Through the all-seeing eye of YouTube, the images of the neglected, re-found herd circled the globe. At first the casino boss demanded a 300,000-euro ransom, but finally gave in to the media pressure calling on him to release “these final prisoners of the war.” On the night of October 13, 2007, at two-twenty a.m., the convoy of horses re-entered Lipik, escorted by Croatians claxoning wildly and waving flags. Of the 45 Lipizzaners that came back, only eight had lived through the entire sixteen-year odyssey – the rest had been born in Serbia.

Mile Komasovic showed up again in Lipik as well. He had travelled with the convoy as a stowaway; it was too risky for him to stay in Serbia. In 2008, the mayor of Lipik had asked me not to write about the prodigal stableman. Most Croatians saw him as a traitor and a kidnapper; they would be upset to find out that Mile had been allotted an apartment at the taxpayers’ expense. Suspecting that there was also another motive behind that request (the return of the Lipizzaners was supposed to remain a purely Croatian victory), I wrote about Mile Komasovic anyway.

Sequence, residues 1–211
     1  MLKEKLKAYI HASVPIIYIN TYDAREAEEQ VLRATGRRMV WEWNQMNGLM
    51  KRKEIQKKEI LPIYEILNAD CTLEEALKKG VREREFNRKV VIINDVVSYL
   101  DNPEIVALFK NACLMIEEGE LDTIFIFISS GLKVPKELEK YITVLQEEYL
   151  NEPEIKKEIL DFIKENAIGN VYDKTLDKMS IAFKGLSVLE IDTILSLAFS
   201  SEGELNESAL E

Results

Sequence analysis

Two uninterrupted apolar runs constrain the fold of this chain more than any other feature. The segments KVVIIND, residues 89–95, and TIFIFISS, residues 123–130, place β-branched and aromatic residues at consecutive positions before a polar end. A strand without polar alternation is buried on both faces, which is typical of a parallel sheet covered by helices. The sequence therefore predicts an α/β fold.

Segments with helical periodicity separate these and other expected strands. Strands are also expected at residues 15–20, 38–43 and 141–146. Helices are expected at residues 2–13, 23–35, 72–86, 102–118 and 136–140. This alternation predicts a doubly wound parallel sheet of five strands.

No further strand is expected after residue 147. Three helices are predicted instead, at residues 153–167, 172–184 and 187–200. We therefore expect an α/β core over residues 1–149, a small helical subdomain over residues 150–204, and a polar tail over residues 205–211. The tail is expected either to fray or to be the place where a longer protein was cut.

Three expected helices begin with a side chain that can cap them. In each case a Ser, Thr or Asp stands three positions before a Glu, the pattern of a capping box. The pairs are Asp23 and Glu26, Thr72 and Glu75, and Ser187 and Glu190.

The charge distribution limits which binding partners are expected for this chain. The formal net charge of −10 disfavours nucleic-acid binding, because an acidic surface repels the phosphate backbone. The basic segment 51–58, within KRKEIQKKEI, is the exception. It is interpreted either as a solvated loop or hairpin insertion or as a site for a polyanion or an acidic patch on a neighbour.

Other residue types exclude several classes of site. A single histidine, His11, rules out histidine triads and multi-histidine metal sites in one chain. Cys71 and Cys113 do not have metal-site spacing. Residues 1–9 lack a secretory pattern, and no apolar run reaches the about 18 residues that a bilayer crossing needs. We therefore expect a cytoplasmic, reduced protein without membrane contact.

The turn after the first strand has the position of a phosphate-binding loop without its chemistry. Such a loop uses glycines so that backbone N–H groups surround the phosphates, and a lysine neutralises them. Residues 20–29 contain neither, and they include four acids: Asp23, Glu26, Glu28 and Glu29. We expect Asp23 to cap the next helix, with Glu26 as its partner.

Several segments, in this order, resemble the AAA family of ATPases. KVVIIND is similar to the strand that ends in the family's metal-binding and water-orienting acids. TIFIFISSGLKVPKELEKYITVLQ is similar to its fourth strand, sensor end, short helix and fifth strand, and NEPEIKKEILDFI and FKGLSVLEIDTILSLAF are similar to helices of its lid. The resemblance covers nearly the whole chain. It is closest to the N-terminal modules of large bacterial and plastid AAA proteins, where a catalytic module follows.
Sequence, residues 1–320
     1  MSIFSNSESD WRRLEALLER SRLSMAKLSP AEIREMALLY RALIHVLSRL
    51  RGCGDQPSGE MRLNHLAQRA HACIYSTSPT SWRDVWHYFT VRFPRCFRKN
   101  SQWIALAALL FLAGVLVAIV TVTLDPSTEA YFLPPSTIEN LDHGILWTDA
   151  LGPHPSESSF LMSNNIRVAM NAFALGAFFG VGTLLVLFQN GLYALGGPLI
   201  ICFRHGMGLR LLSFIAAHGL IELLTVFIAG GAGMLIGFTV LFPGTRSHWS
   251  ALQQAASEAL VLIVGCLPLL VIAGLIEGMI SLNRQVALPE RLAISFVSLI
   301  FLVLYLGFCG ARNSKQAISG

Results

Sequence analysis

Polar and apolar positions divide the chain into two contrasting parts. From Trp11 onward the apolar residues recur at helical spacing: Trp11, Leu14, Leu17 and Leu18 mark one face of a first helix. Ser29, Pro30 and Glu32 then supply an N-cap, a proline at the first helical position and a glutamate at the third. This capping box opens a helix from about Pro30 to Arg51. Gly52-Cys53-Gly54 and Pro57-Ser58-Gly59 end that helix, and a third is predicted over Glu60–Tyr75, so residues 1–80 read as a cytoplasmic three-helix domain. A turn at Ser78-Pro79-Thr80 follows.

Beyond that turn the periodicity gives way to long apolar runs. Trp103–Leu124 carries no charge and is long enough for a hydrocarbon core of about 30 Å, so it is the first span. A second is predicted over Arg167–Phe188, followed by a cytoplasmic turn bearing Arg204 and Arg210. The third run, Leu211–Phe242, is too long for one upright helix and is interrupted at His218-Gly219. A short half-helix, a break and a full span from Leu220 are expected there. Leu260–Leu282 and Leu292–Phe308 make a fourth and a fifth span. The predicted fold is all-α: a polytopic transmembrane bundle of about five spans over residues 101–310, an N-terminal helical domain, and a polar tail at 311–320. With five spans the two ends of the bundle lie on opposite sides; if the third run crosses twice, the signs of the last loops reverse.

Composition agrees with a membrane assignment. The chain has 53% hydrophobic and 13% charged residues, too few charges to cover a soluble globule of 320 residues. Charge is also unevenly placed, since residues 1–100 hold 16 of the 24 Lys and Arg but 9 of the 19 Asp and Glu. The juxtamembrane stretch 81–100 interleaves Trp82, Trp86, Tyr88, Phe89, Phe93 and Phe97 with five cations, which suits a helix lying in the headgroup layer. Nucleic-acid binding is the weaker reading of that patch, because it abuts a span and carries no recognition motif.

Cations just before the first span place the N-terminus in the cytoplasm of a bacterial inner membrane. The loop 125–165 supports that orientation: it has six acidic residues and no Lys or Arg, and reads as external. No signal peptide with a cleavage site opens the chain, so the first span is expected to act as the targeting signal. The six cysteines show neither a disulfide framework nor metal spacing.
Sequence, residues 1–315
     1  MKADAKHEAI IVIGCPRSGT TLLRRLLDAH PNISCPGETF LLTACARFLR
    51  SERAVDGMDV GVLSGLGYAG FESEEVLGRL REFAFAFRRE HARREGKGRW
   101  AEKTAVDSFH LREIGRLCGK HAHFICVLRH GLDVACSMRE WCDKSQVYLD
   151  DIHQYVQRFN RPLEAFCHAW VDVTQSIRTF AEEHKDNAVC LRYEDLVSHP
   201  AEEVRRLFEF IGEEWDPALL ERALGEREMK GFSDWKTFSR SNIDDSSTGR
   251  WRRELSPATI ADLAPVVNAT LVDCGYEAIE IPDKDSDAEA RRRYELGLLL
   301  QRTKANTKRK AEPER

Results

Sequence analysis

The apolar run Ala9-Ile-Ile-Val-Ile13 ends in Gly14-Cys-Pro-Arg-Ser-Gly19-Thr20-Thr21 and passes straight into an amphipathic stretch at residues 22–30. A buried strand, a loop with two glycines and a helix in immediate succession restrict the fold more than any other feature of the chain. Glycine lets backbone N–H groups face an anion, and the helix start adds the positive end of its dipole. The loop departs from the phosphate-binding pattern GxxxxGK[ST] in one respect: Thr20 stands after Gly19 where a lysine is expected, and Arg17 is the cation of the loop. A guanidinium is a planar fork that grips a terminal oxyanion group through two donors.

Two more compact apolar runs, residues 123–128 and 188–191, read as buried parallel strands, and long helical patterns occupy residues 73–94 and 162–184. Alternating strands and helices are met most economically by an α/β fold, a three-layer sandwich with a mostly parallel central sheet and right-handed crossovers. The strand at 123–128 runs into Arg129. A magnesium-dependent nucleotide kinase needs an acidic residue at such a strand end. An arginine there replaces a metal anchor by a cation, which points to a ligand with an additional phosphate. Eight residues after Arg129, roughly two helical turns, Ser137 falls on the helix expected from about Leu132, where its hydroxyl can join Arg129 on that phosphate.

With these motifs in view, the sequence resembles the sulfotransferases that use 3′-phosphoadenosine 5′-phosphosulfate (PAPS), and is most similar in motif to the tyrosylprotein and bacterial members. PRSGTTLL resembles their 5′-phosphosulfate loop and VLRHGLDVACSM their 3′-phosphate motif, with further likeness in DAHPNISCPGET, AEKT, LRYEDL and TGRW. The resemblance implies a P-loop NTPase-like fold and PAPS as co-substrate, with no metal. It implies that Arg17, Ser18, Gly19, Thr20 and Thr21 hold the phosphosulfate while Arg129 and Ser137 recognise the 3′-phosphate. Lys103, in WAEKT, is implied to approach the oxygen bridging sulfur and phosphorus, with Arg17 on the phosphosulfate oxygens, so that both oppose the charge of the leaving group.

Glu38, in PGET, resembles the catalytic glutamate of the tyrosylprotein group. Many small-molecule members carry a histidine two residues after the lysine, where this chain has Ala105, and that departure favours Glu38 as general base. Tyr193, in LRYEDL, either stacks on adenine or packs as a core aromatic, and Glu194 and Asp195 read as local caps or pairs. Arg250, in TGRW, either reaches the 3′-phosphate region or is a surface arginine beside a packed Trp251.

I have no appointment, no phone number, no street address. But Mile, photograph and all, was featured in a recent issue of the Croatian magazine Globus. As good guy. “I have grown accustomed to being hated,” he told the interviewer. The article also included a description of the building where he lived.

Arriving at the only set of traffic lights in Lipik, I turn right onto Empress Maria Theresa Street. The ‘Kursalon’ – Lipik’s pride from the glory days of the Habsburgs – was pounded to rubble during the war, and is now hidden behind scaffolding covered with white tarpaulins. Leaning against the front of ‘House No. 5’ is a bicycle. The building has a shared entrance; each room, as it turns out, is a separate dwelling. Komasovic opens the door. He pulls his cardigan tighter around him and offers his apologies: his son, who remained behind in Novi Sad after the war, has just arrived for a visit. But he won’t hear of me waiting outside; Mile invites me in and introduces me to his 32-year-old son. The boy is stocky and muscular, making his father look all the skinner by contrast.